(dis­carded)

The Weekend Australian - Review - - Contents - John French Review this­life@theaus­tralian.com.au

As a young teenager in the early 1970s, I re­mem­ber our lo­cal coun­cil leav­ing large skips in the back­streets where res­i­dents could dump their hard dis­pos­able rub­bish. Ob­vi­ously these skips were few and far be­tween due to the cost of their trans­port. They re­minded me of wildlife: no one could pre­dict where they would be, how long they would be there and how long it would be be­fore you were go­ing to see an­other one.

My fa­ther gave me and my two younger broth­ers strict in­struc­tions that if we were to see one within rub­bish-car­ry­ing dis­tance we were to tell him im­me­di­ately. It didn’t mat­ter what he was do­ing; the dis­posal of rub­bish al­ways took pri­or­ity. Af­ter that it was all hands on deck as we rushed to­wards the back­yard lug­ging bro­ken fur­ni­ture, old tins of paint, gar­den refuse, old tyres or any other piece of junk that had been sit­ting around since the last sub­ur­ban skip.

Ev­ery­one had to work quickly, as ev­ery fa­ther in the neigh­bour­hood pre­sum­ably had given the same in­struc­tions. Like ants com­ing out be­fore a change in the weather, chil­dren from ev­ery­where would de­scend on the skip with their un­wanted house­hold items. There was noth­ing quite as em­bar­rass­ing as be­ing too late and find­ing the skip was al­ready “chock-ablock” full. On sev­eral oc­ca­sions I no­ticed a skip al­most full to the brim and didn’t bother to tell Dad, think­ing we had al­ready missed the boat. On one oc­ca­sion this back­fired as my fa­ther saw it not long af­ter and ac­cused me of hav­ing de­fi­cient eye­sight (or words to that ef­fect).

There was no use com­plain­ing that you had some­thing bet­ter to do if it was skip-load­ing time. My fa­ther was very stoic about this. (“Look, I’d rather be sit­ting in the lounge room watch­ing Doug Wal­ters bat­ting too, but you know what hap­pens if you leave it too late!” was one of his more mem­o­rable quotes.)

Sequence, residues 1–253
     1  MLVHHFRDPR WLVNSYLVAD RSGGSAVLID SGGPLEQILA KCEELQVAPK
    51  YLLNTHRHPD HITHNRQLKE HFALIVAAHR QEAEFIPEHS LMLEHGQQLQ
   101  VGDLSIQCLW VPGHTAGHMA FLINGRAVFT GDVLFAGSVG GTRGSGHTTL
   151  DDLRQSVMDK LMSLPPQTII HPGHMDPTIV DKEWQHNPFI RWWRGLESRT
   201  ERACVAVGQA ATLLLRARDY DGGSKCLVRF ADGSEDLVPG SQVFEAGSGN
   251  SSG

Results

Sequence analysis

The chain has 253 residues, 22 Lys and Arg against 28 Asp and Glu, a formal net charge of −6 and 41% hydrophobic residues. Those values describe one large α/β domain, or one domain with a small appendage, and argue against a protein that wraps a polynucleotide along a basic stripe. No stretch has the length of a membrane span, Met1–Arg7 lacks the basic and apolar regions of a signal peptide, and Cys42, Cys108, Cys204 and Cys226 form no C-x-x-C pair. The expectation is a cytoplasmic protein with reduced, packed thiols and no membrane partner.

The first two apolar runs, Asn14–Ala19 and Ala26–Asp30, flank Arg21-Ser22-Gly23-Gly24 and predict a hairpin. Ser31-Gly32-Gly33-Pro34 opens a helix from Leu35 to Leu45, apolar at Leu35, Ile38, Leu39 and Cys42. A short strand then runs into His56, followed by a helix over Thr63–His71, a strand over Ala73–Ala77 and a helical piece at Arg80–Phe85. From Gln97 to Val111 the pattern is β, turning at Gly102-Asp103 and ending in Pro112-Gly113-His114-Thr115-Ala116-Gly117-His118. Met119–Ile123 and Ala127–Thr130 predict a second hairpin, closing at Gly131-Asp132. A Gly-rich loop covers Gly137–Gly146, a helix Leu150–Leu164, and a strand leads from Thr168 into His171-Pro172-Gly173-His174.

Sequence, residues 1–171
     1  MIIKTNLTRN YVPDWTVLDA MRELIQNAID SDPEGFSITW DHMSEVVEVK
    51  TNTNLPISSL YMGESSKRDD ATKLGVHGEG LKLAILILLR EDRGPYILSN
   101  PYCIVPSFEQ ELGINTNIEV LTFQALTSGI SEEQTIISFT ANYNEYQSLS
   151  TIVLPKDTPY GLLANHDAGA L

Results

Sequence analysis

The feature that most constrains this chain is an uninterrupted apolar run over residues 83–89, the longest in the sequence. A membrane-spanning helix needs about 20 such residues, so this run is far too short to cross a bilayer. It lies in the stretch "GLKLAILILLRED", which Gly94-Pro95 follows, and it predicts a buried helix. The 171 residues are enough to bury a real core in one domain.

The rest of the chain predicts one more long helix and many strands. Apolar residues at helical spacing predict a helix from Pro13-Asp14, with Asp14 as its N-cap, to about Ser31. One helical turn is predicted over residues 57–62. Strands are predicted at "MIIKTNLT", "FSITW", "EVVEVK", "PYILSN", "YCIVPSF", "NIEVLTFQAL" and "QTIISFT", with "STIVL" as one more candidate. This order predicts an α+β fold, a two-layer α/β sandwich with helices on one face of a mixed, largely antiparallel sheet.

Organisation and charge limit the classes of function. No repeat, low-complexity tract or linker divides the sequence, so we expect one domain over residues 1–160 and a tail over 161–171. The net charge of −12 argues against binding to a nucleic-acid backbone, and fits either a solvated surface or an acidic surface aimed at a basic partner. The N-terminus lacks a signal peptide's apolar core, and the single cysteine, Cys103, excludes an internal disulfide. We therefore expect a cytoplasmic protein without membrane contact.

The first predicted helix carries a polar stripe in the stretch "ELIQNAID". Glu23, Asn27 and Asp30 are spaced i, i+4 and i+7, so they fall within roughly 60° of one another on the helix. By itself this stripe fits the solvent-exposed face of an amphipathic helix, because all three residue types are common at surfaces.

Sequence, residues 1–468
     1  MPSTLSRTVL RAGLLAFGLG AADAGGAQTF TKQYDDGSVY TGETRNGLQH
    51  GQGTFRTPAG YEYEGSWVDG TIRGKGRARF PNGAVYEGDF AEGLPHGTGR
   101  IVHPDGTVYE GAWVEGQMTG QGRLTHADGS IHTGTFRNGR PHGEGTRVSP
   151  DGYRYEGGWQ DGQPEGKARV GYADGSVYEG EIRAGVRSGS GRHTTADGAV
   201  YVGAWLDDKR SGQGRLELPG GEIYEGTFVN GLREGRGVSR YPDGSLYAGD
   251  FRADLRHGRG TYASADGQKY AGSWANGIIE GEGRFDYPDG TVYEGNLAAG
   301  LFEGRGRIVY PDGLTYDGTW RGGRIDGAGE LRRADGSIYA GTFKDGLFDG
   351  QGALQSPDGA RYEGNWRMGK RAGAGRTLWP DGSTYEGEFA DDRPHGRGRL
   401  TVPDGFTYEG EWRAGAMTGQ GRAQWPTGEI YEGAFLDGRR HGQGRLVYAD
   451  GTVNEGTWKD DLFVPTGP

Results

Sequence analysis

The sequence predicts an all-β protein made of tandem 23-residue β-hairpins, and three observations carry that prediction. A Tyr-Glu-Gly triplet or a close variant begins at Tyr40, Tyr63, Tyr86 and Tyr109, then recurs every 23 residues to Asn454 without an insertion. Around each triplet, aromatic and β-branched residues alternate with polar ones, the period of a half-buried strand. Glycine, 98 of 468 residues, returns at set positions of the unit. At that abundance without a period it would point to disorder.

Hard rub­bish col­lec­tion has evolved since those heady days. The sec­ond stage of hard rub­bish col­lec­tion was the “leave it out the front of your house and we will pick it up three or four days af­ter we said we would be­cause by then peo­ple would have trolled through it and taken a lot of the stuff for them­selves and saved us a lot of time and money” ap­proach. This worked quite well un­til rub­bish spread on to foot­paths and streets and be­came a haz­ard.

Our present coun­cil has the so­phis­ti­cated sys­tem whereby ratepay­ers can book a time. This cuts out the bar­gain hunters and the rub­bish ri­flers, and seems to work very well.

But in a way I miss the spon­tane­ity of the sys­tem from all those years ago. Those bright yel­low metal skips that were the size of a small truck, the sense of ur­gency, the area in the yard cleared away af­ter wait­ing for the coun­cil to do their stuff. The sat­is­fac­tion of a job well done.

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